Our Gods Wear Spandex : The Secret History of Comic Book Heroes
Overview - From occult underground to superhero Was Superman's arch nemesis Lex Luthor based on Aleister Crowley? Can Captain Marvel be linked to the Sun gods on antiquity? In Our Gods Wear Spandex, Christopher Knowles answers these questions and brings to light many other intriguing links between superheroes and the enchanted world of estoerica. Read more...
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More About Our Gods Wear Spandex by Chris Knowles; Joseph Michael Linsner
From occult underground to superhero Was Superman's arch nemesis Lex Luthor based on Aleister Crowley? Can Captain Marvel be linked to the Sun gods on antiquity? In Our Gods Wear Spandex, Christopher Knowles answers these questions and brings to light many other intriguing links between superheroes and the enchanted world of estoerica. Occult students and comic-book fans alike will discover countless fascinating connections, from little known facts such as that DC Comics editor Julius Schwartz started his career as H.P. Lovecraft's agent, to the tantalizingly extensive influence of Madame Blavatsky's Theosophy on the birth of comics, to the mystic roots of Superman. The book also traces the rise of the comic superheroes and how they relate to several cultural trends in the late 19th century, specifically the occult explosion in Western Europe and America. Knowles reveals the four basic superhero archetypes--the Messiah, the Golem, the Amazon, and the Brotherhood--and shows how the occult Bohemian underground of the early 20th century provided the inspiration for the modern comic book hero. With the popularity of occult comics writers like Invisibles creator Grant Morrison and V for Vendetta creator Alan Moore, the vast ComiCon audience is poised for someone to seriously introduce them to the esoteric mysteries. Chris Knowles is doing just that in this epic book. Chapters include: Ancient of Days, Ascended Masters, God and Gangsters, Mad Scientists and Modern Sorcerers, and many more. From the ghettos of Prague to the halls of Valhalla to the Fortress of Solitude and the aisles of BEA and ComiCon, this is the first book to show the inextricable link between superheroes and the enchanted world of esoterica.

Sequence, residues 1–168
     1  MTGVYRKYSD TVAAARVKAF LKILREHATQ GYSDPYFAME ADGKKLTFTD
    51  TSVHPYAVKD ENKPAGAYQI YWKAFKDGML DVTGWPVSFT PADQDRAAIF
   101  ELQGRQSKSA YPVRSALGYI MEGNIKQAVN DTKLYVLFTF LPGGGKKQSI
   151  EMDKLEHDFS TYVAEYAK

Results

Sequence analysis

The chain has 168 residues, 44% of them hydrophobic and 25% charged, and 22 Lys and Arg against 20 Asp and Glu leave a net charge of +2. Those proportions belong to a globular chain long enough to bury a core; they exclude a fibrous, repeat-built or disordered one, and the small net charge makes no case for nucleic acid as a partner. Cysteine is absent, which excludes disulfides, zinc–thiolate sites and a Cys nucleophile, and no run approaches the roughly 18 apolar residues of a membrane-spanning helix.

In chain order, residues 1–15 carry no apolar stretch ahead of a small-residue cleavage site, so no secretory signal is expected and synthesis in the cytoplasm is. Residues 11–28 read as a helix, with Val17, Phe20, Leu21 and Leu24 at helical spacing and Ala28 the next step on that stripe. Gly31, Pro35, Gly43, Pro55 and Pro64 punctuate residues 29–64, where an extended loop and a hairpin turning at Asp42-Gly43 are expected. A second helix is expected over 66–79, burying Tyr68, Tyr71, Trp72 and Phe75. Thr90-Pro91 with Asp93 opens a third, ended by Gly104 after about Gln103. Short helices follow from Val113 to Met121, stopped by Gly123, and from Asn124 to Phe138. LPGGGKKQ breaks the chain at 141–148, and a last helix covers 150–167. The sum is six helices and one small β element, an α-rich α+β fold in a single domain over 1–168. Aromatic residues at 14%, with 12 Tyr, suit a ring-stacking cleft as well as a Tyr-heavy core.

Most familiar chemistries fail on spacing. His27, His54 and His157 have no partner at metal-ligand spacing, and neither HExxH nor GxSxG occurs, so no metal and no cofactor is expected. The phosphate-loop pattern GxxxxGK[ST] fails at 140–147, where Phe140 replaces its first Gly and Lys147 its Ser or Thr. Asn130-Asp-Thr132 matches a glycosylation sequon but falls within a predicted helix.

- ISBN-13: 9781578634064
- ISBN-10: 1578634067
- Publisher: Weiser Books
- Publish Date: November 2007
- Page Count: 233
Books > Comics & Graphic Novels > General
A cross-section of comics
For a more theoretical take on comic books, try Our Gods Wear Spandex by Christopher Knowles with illustrations by Joseph Michael Linsner. Subtitled "The Secret History of Comic Book Heroes," it advances the theory that modern-day super-heroes fulfill the function that religion has served throughout history. It's not a hard case to make, and Knowles does it convincingly, even if his survey of early human history is a tad rushed (he fits it all into the first third of a 256-page book). Things really get going when he starts discussing pulp novels and the direct links between them and modern-day comic books. Writers like Poe, Doyle and Verne, he says, together provided "a fictional backdrop for the superheroes of the 'pulps.'" From there, it was only a short leap to comics. The best parts of the book are Knowles' personality sketches of some of the genre's founderswithout whom none of the books here would ever have existed.